Good nutrition starts with smart choices in the grocery store. If you don’t have the proper healthy ingredients in your home, preparing healthy meals can be a challenge. Here’s how to shop the smart and healthy way:
Plan your meals for the week. Make a list of all the ingredients you will need for a few healthy meals. Organize it by the different food groups or parts of the store. It saves you time and money in the long run.
Do a little research. Reading labels can take a lot of time, you may even need a magnifying glass to read all the ingredients. This can take time while you are in the store. Typically, the longer you stay in the store, the more money you spend. To avoid this, research items you may buy before shopping, then compare labels to make the healthier choice. When comparing labels, choose items lower in salt, saturated fat, trans fat and added sugars.
Don’t shop on an empty stomach. Shopping while hungry can lead to impulse buying causing you to purchase unhealthy items and spend more money. Also, check your watch or phone for the time. Give yourself a time limit and try to finish your list by that time. Did you ever notice that there are no clocks or the clocks are not in an obvious location when you shop?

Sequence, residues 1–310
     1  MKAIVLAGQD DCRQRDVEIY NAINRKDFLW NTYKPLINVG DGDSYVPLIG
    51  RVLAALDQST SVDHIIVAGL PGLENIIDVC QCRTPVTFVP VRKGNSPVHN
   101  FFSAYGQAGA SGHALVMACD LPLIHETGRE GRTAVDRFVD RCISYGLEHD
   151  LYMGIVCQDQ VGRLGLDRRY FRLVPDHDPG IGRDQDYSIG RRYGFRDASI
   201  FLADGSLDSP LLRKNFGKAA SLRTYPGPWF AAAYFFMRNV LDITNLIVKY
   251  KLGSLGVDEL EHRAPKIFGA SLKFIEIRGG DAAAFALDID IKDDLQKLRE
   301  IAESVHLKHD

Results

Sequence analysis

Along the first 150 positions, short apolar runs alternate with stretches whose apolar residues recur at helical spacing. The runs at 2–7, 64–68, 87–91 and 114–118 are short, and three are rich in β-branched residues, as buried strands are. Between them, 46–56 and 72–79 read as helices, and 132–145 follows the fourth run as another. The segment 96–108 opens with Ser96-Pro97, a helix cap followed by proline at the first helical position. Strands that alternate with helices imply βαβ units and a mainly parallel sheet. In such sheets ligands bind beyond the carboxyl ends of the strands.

Shop the perimeter of the store. This is generally where you find healthier items, such as fresh fruits and vegetables, lean meats and proteins, eggs and dairy. Many items in the aisles can be high in sodium, fat and sugar.
Fill your cart with many colors. Try new foods such as a different colored fruits or vegetables. A rainbow of colors of fruits and vegetables optimizes the nutrient, vitamin and mineral content of your produce.
Look for lean proteins. Lean proteins such as lean meat cuts (e.g., round, sirloin, tenderloin) as well as skinless, boneless poultry are essential to a healthy diet. Also, try to consume at least two servings of fish per week. Consider tuna packed in water. Limit red meat consumption to two servings per week as well. For meatless protein options, consider unsalted nuts and seeds, dried beans, low sodium beans, tofu and other soy products.
Choose low-fat and non-fat dairy products. Aim for three servings per day to meet your calcium and vitamin D needs.
Shop based on the season. For the off-season, consider canned or frozen fruits and vegetables to fill in the produce gaps. Choose frozen fruits and vegetables without added sauce or cheese. Add low sodium canned and dried vegetables to soups, salads and casserole dishes.
Don’t buy more than you need. Keep in mind that advertisements are geared to getting you to buy and eat more food, not less. This may not be healthy or wallet friendly. For example, unhealthy kids’ cereal is positioned at kids’ eye levels in the aisles, while healthier cereals are either on the top or the bottom shelf, where your eyes aren’t always directed to.
Stephanie DiRocco MS, RD, LDN, is the Clinical Nutrition Manager at UMass Memorial – HealthAlliance Hospital. She is a contributor to Simply Well, a blog produced by UMass Memorial Health Care, that delivers health and wellness information right to your inbox.